The Birmingham Council myth machine

By Alan Clawley.

Here’s how the Council operates.  First it decides what it wants to do. Then it fits the facts around its decision. The story of Paradise Circus shows how the system works and what we can expect from its determination to redevelop the Wholesale Markets site.

Paradise CircusIn 1999 the Council decided that Paradise Circus was the best location in the city for top quality office skyscrapers. This was part of a strategy entitled rather pretentiously, ‘The Re-positioning of Birmingham as a Preferred Location for the Head Offices of World-Class Companies’ and another policy on skyscrapers called ‘High Places’. Chief Executive Stephen Hughes recently confirmed its policy on Paradise Circus in a letter to Shabana Mahmood MP dated 17 August 2011.

The problem facing the Council, which was entirely of its own making, was that Paradise Circus had become a complex mish-mash of existing buildings and property interests. At one time it owned the freeholds of the entire site but to make some money it had sold a number of plots to private companies and leased the ground under the Central Library to a property developer. Its own 1974 Central Library and the recently completed Birmingham School of Music occupied large parts of the site.

The Council was well aware that property developers didn’t like this sort of thing so it decided they would have to buy back its property interests and demolish all the buildings on the site if they were to have any chance of attracting a developer.

To get away with demolishing the Central Library the Council began a long campaign of negative propaganda to prepare the public for its destruction. Typical of modern spin, it spoke in easy sound-bites to establish the many myths that fitted the Council’s case.  The unpopularity of ’60s concrete architecture, aided by Prince Charles, gave the Council a head start. The opening salvo was the claim that it was ‘crumbling’ and suffered from concrete cancer, was badly leaking and therefore beyond repair (Councillor Ian Ward, Labour, 2002). The public was easily swayed by such an argument and it stuck in their minds despite it being proved to be entirely false several years later.

When one myth was exposed the Council created two more to take its place. The escalators were said to be ‘too narrow’ there was ‘only one lift’. Natural lighting was poor, the staff could not look out of the windows, the building blocked views of the Town Hall and the Council House, and stopped people walking between Victoria Square and Brindleyplace. When the council ran out of reasons they trotted out the catch-all condemnation that it was ‘unfit for purpose’ or ‘not suitable as a 21st century library’.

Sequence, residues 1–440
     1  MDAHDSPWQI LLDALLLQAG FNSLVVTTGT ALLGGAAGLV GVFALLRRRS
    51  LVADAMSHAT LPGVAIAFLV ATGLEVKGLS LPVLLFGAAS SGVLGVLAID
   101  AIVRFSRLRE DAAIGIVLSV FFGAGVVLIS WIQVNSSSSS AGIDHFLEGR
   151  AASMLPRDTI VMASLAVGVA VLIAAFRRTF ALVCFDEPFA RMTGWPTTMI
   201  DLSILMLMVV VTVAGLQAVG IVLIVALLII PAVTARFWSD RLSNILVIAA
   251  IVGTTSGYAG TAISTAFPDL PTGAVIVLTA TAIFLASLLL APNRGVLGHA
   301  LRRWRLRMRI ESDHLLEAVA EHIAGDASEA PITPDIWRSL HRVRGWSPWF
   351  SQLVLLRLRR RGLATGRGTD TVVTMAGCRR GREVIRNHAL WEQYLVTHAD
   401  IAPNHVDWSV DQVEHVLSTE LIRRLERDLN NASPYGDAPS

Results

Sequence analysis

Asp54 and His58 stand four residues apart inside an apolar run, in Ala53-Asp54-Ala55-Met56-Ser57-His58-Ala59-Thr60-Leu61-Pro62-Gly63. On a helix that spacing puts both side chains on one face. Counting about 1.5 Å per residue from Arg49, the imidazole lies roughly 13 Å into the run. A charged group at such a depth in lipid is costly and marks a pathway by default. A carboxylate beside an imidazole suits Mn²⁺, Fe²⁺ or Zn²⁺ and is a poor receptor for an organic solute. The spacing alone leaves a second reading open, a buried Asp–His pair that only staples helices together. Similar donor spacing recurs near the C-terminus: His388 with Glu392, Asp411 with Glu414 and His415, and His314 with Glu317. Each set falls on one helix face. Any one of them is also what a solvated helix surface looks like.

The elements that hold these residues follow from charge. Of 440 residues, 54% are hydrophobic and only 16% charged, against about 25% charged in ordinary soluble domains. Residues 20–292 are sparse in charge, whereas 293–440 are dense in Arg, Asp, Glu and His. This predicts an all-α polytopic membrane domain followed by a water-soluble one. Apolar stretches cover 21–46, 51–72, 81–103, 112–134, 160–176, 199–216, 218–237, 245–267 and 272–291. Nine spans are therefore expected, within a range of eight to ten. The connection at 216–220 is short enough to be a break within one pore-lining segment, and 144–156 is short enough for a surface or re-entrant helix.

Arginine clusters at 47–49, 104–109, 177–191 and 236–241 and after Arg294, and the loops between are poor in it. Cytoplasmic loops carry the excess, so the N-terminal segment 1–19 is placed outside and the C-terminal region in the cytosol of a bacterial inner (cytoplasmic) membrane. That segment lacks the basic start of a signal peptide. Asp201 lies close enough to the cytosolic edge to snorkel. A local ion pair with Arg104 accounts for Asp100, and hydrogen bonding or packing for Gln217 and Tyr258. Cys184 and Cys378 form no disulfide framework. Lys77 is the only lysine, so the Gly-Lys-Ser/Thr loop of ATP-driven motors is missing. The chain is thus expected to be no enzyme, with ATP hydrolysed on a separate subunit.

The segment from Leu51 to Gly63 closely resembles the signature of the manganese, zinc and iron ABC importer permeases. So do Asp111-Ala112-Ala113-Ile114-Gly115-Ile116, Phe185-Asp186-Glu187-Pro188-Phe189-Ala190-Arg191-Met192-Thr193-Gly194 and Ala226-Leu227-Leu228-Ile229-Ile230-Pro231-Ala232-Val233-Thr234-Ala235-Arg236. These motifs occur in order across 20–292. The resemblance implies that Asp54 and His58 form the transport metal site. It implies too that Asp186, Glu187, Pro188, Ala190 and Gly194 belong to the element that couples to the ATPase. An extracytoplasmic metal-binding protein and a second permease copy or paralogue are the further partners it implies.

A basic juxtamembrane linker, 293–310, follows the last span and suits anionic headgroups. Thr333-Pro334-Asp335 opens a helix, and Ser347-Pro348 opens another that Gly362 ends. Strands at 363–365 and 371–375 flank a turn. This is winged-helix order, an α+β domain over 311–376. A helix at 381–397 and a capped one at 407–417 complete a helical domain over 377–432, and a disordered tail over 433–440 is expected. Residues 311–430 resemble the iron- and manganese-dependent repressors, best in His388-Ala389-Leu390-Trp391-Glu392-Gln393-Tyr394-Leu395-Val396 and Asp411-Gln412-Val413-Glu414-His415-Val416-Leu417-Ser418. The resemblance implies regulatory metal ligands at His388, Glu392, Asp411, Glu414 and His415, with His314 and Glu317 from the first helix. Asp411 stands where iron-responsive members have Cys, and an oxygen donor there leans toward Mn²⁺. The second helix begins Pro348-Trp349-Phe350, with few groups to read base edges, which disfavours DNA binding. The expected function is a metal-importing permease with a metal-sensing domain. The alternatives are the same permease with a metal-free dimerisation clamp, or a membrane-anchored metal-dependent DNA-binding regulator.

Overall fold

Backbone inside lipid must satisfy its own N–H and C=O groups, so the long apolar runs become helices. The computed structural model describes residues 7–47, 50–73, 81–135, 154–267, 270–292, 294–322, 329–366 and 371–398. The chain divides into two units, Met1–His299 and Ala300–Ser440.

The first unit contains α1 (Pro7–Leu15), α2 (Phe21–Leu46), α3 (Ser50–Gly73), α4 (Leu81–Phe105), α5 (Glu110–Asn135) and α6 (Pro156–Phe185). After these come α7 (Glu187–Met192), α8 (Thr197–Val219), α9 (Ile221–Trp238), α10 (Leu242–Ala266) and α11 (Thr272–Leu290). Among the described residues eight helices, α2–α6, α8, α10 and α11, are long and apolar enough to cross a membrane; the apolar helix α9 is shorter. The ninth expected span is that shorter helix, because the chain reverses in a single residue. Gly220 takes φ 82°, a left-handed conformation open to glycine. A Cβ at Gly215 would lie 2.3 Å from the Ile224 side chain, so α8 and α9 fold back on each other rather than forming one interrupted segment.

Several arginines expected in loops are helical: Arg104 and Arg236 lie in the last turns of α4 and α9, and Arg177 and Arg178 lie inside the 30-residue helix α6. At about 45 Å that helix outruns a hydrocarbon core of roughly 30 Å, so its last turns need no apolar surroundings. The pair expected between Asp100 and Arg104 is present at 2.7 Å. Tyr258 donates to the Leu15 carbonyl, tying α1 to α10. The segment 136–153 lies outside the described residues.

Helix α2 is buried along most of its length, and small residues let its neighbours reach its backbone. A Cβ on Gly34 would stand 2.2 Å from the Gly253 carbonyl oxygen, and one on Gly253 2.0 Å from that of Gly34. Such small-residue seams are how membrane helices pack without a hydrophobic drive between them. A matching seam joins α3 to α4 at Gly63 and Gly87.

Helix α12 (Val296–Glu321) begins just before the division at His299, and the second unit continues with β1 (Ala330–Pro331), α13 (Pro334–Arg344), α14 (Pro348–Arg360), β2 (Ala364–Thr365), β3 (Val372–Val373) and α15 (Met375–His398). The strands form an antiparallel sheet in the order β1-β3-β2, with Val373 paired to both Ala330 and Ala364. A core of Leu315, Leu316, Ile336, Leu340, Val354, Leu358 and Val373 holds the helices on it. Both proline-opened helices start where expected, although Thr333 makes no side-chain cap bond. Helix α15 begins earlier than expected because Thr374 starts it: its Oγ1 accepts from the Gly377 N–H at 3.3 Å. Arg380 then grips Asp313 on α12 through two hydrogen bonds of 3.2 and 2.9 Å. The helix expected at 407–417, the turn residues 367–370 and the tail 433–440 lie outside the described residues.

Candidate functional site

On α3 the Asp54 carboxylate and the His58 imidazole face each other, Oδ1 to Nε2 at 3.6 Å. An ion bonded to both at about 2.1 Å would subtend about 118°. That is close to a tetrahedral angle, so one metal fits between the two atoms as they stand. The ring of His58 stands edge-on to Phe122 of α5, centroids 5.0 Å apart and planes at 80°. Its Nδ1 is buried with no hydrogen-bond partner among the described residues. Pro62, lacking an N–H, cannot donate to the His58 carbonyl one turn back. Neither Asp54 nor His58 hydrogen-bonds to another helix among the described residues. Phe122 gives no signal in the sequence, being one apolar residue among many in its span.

Birmingham library escalator

Birmingham library escalator

It was true was there was not enough environmentally-controlled space for the historic archives and the Council even had its own architects to draw up plans to extend the Library to house them. But even though the cost came out lower than the cost of the new library it was rejected. The only possible conclusion for this perverse decision is that it didn’t fit the Council’s case for the redevelopment of Paradise Circus.

In the meantime only one property developer, Argent plc, showed any interest in the site, but so desperate was the Council to get one that they granted Argent exclusive rights to redevelop it. The terms of this deal are not open to public scrutiny on the grounds of commercial confidentiality even though there is no competition.

The Council is never deterred by slow progress nor does it think twice about whether its policy is still viable in the face of changing social, technological and economic conditions. Nor does it make any difference which political party or parties or senior officers control the Council. Thus, the first real step in the process of clearing Paradise Circus of encumbrances will take place in 2013, fourteen years after the Council dreamed up its plan, when it moves its library to Centenary Square leaving the existing one empty and a target for vandalism or early demolition. This part was relatively easy because it was in the Council’s control. Other pieces of the jigsaw are not. There is little news on the relocation the School of Music and the Adrian Boult concert hall and it’s unlikely that the Council has bought back any property that it sold when times were better than they are today. And if Argent has signed up a world-class business to take an office block in Paradise Circus we would have known about it by now.

Campaigners to save the Market will have to contend with all of these tactics in the coming years because, if the Council has learned anything from the Central Library saga, it has learnt the power of myths.